Singing Higher really is easier than you think. Today’s tip is about not singing so loud, especially when you’re learning to get into your head voice. Can it be that simple? Watch and find out!
OK, so maybe there’s a little more to it than just reducing the loudness. If you’ve watched the 4 previous episodes and have started doing the first 4 tips, this tip #5 will help the others work even better.
Singing Higher is Easier than You Think – Tip# 5 of 5
When first learning to sing higher into the first bridge of the voice, decrease the volume. By decreasing the loudness you help yourself at least 2 ways. Softer volume means:
1. Less air blow, air pressure and vocal weight when singing higher
2. Easier transition between head voice and chest voice
Less Air Blow and Pressure
Let’s talk about less air blow and pressure. By singing softer, you reduce the amount of air from your lungs to the vocal cords. There’s not as much air that your vocal cords has to hold back. This reduces the external muscle tension in your throat and neck. [Demo]
Also when you reduce the loudness, the vocal cords have less air pressure leaning against them. The vocal cords don’t have to be held together so firmly because there’s not as much pressure pushing against them. This allows the vocal cords to adjust easier between pitches. It’s the difference between lifting 40 lb. vs 10 lb. dumbbells. It’s just easier because it takes less muscle, less force, less vocal cord mass and weight.
This makes it easier to transition into head and and back down to chest voice.
A common mistake we make is we think the pressure we feel with the louder volume and tension is the same thing as vocal power. In reality, if the vocal cords were not so labored by the excess muscle needed to sing loud, the vocal cords could develop the intrinsic strength to produce power and freedom of sound with a vocal release perhaps you’ve never experienced.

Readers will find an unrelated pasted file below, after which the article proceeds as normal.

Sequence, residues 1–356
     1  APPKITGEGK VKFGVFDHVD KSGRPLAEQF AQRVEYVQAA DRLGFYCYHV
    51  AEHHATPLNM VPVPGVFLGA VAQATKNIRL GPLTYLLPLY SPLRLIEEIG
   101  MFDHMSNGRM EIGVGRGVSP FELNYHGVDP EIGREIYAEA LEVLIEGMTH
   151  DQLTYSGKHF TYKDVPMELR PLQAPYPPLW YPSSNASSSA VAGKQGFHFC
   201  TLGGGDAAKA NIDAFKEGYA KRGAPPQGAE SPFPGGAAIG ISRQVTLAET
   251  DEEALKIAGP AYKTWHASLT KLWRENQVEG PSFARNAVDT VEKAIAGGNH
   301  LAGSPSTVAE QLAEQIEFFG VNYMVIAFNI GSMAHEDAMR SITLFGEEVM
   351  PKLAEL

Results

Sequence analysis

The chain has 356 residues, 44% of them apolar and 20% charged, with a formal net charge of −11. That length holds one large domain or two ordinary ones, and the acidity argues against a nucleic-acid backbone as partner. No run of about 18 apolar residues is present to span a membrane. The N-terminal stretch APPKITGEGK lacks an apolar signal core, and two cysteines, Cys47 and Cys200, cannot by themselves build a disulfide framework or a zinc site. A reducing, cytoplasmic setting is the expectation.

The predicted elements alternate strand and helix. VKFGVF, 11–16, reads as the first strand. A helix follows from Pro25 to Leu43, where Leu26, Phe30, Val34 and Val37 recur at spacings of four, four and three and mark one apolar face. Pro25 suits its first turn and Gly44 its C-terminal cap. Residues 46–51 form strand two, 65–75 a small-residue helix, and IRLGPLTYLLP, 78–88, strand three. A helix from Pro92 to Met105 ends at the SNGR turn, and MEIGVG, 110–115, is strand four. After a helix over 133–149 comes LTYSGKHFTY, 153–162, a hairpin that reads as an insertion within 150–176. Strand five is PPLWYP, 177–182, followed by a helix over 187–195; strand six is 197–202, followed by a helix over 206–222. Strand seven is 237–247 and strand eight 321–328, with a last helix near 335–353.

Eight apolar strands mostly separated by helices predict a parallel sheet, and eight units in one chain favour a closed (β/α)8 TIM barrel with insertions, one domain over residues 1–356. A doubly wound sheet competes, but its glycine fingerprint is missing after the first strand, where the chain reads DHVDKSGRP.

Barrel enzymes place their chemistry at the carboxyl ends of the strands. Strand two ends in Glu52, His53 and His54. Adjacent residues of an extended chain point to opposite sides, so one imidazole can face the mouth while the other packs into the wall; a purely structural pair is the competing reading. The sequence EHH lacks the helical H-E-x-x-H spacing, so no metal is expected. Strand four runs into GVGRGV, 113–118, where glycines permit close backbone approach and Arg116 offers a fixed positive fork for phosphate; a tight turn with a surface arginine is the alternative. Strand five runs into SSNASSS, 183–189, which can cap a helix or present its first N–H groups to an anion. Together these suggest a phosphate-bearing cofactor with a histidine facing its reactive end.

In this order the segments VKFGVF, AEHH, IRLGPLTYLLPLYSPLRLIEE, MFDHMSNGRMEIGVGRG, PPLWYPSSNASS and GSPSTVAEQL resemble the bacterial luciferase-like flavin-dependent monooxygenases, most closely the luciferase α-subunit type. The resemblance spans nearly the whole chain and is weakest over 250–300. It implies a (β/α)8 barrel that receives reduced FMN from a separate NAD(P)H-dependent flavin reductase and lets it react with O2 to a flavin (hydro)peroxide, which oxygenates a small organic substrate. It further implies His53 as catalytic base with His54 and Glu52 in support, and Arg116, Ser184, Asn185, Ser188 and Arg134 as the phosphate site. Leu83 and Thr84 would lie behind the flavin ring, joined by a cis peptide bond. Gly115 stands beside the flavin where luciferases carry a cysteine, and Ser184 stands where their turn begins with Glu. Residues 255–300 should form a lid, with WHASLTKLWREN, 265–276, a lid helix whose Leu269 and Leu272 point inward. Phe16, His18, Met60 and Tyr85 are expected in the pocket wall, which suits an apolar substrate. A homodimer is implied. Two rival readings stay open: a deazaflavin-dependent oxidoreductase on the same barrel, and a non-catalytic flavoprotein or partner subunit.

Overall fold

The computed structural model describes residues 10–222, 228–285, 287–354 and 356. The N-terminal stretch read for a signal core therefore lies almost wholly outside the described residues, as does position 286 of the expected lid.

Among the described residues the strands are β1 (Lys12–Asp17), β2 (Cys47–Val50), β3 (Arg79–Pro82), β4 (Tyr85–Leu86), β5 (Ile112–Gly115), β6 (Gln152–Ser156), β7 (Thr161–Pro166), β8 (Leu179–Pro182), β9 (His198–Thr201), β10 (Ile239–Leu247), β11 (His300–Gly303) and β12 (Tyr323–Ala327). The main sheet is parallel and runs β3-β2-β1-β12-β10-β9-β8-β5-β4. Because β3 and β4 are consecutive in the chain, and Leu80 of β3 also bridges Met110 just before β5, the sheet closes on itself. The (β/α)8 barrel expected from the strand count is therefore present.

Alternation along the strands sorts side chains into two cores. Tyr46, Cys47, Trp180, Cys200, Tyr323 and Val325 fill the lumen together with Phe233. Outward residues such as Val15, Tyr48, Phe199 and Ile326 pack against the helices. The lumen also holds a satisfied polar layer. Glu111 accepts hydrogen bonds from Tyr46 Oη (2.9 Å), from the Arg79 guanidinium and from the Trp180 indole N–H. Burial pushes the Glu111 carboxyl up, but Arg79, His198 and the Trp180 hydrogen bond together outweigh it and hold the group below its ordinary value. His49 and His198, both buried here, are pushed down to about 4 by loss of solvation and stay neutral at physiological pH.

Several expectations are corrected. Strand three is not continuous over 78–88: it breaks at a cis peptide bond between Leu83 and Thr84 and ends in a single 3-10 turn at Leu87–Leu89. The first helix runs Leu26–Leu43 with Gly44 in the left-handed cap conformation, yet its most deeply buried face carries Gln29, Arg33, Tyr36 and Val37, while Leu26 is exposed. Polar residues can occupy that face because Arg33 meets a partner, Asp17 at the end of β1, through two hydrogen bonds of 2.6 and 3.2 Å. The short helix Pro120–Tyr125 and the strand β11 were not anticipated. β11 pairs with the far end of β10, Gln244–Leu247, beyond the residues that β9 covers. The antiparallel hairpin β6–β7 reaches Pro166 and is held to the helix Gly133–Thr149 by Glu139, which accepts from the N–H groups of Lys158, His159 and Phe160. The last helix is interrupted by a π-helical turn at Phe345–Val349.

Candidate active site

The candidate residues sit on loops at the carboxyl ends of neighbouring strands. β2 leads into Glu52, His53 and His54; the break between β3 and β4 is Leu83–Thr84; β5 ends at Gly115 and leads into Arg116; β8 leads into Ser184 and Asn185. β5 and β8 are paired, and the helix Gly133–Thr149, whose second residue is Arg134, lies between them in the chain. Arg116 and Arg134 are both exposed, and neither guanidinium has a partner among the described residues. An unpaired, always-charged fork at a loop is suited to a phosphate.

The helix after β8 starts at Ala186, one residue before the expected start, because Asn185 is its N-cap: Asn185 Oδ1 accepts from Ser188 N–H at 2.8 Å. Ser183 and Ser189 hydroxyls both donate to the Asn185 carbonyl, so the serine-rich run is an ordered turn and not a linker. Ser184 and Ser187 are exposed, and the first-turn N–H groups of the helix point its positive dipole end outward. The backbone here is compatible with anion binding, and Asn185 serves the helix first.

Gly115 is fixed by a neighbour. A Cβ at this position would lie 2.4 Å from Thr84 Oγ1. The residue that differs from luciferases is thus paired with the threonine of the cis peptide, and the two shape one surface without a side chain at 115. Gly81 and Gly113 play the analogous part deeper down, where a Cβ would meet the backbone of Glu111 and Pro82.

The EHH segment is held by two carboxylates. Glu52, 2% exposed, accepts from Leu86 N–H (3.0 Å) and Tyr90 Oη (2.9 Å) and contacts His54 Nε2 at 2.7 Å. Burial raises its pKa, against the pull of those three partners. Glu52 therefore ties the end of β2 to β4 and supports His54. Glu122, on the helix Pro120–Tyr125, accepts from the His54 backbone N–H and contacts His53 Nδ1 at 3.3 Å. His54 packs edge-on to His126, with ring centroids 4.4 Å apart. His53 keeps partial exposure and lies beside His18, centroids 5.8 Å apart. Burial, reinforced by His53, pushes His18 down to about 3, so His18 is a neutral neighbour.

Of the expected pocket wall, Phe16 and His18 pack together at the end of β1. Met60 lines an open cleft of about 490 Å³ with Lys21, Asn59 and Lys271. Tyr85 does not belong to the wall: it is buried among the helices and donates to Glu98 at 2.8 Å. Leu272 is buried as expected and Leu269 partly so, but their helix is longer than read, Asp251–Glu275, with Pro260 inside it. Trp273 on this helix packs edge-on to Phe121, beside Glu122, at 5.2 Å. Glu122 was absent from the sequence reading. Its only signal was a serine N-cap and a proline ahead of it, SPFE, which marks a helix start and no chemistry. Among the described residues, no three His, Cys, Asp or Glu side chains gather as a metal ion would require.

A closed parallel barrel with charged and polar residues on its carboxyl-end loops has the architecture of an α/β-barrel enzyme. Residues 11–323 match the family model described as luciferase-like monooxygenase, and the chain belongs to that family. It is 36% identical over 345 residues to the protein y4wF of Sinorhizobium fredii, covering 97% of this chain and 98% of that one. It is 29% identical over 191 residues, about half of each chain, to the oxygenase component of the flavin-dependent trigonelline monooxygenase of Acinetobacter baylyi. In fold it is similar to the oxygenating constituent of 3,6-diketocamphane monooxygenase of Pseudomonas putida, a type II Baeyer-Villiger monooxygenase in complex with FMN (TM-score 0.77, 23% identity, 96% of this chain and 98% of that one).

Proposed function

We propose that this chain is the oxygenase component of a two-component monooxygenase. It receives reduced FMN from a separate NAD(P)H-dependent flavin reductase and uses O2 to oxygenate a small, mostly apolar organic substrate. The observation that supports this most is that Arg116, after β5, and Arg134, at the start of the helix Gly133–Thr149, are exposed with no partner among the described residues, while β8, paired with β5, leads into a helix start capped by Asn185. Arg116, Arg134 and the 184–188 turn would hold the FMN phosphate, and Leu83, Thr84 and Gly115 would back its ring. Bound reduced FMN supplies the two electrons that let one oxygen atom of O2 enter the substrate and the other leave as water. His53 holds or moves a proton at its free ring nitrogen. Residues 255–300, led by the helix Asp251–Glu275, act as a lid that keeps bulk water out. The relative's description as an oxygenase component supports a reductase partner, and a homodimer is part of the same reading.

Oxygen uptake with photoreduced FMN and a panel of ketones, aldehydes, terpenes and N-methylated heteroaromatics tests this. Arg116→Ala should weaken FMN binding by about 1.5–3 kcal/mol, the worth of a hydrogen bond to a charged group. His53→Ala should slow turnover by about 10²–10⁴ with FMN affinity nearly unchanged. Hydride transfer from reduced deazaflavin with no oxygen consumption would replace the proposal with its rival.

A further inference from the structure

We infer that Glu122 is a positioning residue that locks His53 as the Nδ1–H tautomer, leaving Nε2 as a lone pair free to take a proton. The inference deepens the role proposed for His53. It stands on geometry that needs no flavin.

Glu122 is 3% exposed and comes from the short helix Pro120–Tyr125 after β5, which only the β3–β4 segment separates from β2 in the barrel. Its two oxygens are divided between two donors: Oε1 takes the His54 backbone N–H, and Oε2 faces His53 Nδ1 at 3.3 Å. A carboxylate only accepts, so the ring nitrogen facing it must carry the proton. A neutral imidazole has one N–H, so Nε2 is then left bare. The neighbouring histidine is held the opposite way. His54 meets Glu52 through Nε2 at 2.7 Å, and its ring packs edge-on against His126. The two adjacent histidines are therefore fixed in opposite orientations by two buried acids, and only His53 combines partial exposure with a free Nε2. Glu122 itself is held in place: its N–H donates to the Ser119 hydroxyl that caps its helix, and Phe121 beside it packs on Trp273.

This takes some time and patience to develop and trust a new vocal feeling and coordination. It begins with not pushing so much air and singing too loud.
The louder voice and the thicker, heavier vocal cords means the transition from chest to head must be more abrupt.
Singing loud can be compared it to going up steps where each step is too high. The next step is so far up that you have to raise your leg and foot so high that you can barely get to the next step. Then you have to have enough strength in one leg to lift all your weight to the next higher step.
Singing loud often requires lifting a lot of vocal weight upward. It’s heavy and get’s louder as you go higher.
When singing loud going back down is just as hard and awkward. It feels like you have to jump and clunk down from step to step from head voice into chest voice.
Singing softer with less tension and thickness in the vocal cords makes transitioning into head and back to chest voice easier. Instead of steps, it’s a gentle ramp and you glide easily back and forth between head and chest voice.
I’m not saying you should always sing softer. But when you’re learning to sing higher from chest voice, through the First Bridge and into head voice and back down into chest, reducing the volume will make it easier.
Utilizing the other tips will also help you keep the larynx down and the vocal cords connected. Combining these with reducing the volume gives you the formula for successfully singing higher.
These 5 tips will help your singing higher into and through the first bridge without pulling chest voice or hiking the larynx upward. You’ll be able to do it without cracking or flipping into falsetto. You’ll do it with strength and power in your voice. You will do it with a mix of chest and head voice.
Mix is also a vocal type. Do you know your vocal type? Do you know what you tend to do when you sing into and through the First Bridge of your voice?
Visit PowerToSing.com and take the vocal test which I call the PowerTest. You’ll see it on the Home Page. Take the quiz and discover your vocal type. Then visit the Knowledge Center and watch the videos about your vocal type.
Download the free exercises designed specifically for your vocal type and start improving your voice immediately.
I’m Chuck Gilmore with Power To Sing. You can sing higher with beauty, confidence and power.
I’ll see you inside the next video.